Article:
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Haematologica. 2001 Oct;86(10):1060-70.

Effect of computer-aided management on the quality of treatment in anticoagulated patients: a prospective, randomized, multicenter trial of APROAT (Automated PRogram for Oral Anticoagulant Treatment).

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  • 1Centro Malattie Emostatiche, Azienda Ospedaliera di Parma, Via Gramsci, 16, I-43100, Parma, Italy. cmanotti@ao.pr.it

Abstract

BACKGROUND AND OBJECTIVES:

We carried out a prospective, randomized trial to test whether a computer-based decision support system to initiate and maintain oral anticoagulant (OA) treatment can improve the laboratory quality of therapy.

DESIGN AND METHODS:

Two separate sets of patients on oral anticoagulants, in five Italian anticoagulant clinics, were studied: 335 patients in the first three months of treatment (stabilization phase), 916 patients (775 patient-years) beyond the third month of treatment (maintenance phase). Patients were randomized to a computerized system, which included algorithms able to suggest OA dosing and to schedule appointments (computer-aided dosing) or to an arm in which OA were prescribed by the same teams of expert physicians without such algorithms (control group). Primary outcomes were: A) the percentage of patients reaching a stable state of anticoagulation during each of the first three months of treatment; B) the percentage of time individuals spent within the aimed therapeutic range (maintenance phase).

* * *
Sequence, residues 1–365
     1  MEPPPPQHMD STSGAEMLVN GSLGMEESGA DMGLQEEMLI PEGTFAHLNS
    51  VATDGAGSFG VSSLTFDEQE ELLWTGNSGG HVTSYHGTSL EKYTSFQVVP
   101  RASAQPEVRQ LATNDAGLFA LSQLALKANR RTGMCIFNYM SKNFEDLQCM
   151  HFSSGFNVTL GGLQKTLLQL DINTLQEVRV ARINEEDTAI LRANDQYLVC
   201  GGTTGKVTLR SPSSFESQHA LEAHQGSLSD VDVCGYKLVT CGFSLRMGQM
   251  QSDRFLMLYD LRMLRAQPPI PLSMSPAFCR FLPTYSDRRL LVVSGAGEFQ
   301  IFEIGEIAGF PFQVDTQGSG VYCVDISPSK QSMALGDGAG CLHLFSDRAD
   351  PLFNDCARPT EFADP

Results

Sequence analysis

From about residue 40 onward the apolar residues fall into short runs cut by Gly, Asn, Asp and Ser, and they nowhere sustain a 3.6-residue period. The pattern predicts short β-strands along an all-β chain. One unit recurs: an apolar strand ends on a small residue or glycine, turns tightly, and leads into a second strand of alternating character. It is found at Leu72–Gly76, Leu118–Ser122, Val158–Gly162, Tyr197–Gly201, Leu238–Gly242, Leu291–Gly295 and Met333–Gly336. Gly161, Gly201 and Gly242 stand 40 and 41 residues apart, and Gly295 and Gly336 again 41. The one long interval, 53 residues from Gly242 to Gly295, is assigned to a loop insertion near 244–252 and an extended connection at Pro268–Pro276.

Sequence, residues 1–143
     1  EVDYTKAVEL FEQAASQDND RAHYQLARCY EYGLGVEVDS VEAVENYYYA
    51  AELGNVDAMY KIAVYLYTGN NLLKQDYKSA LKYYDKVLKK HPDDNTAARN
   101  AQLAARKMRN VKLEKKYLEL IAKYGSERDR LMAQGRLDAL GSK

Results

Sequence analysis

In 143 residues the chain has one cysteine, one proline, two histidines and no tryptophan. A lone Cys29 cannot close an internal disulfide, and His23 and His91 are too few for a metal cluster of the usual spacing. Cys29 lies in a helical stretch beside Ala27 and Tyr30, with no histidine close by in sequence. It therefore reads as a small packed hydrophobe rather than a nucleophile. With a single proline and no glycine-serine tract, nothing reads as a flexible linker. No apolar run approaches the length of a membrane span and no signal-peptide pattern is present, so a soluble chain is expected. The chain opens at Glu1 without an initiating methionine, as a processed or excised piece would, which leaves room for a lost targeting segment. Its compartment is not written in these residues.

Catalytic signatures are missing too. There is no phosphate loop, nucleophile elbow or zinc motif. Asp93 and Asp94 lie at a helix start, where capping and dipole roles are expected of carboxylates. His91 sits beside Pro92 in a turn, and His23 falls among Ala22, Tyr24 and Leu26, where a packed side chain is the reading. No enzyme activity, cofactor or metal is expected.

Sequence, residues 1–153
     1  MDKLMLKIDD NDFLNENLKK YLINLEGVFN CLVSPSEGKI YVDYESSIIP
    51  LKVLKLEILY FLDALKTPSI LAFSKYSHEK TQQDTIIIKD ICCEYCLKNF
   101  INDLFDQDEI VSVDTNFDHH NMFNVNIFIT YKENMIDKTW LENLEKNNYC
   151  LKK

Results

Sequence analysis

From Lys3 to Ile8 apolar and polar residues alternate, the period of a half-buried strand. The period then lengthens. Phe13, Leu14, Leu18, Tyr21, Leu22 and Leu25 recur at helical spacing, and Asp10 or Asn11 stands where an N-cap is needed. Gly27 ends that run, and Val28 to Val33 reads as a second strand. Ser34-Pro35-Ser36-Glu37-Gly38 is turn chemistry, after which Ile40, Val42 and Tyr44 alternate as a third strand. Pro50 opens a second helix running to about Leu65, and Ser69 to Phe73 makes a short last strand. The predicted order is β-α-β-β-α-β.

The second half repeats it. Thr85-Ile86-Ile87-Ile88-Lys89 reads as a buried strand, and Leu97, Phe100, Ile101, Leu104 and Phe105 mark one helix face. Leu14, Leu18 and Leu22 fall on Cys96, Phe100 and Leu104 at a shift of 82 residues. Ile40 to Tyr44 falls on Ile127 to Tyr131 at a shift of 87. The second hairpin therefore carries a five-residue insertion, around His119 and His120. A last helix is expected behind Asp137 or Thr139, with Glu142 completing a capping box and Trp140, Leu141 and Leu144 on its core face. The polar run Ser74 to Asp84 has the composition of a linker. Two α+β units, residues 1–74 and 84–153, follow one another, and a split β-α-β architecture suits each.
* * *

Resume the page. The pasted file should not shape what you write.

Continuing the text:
RESULTS:

Patients in the computer-aided dosing group achieved a stable state significantly faster (p<0.01) and they spent more time within the therapeutic range during maintenance (p<0.001) than controls. The favorable effect of computer-aided dosing was mainly due to a reduction of the time spent below the therapeutic range and was associated with an increase of mean INR value, of anticoagulant drug dosage, and with a reduction of the number of appointments per patient (all changes significant: p<0.001).

INTERPRETATION AND CONCLUSIONS:

The computer decision-aided support improves the laboratory quality of anticoagulant treatment, both during long-term maintenance and in the early, highly unstable phase of treatment, and it also significantly reduces the number of scheduled laboratory controls.

PMID:
11602412
[PubMed - indexed for MEDLINE]
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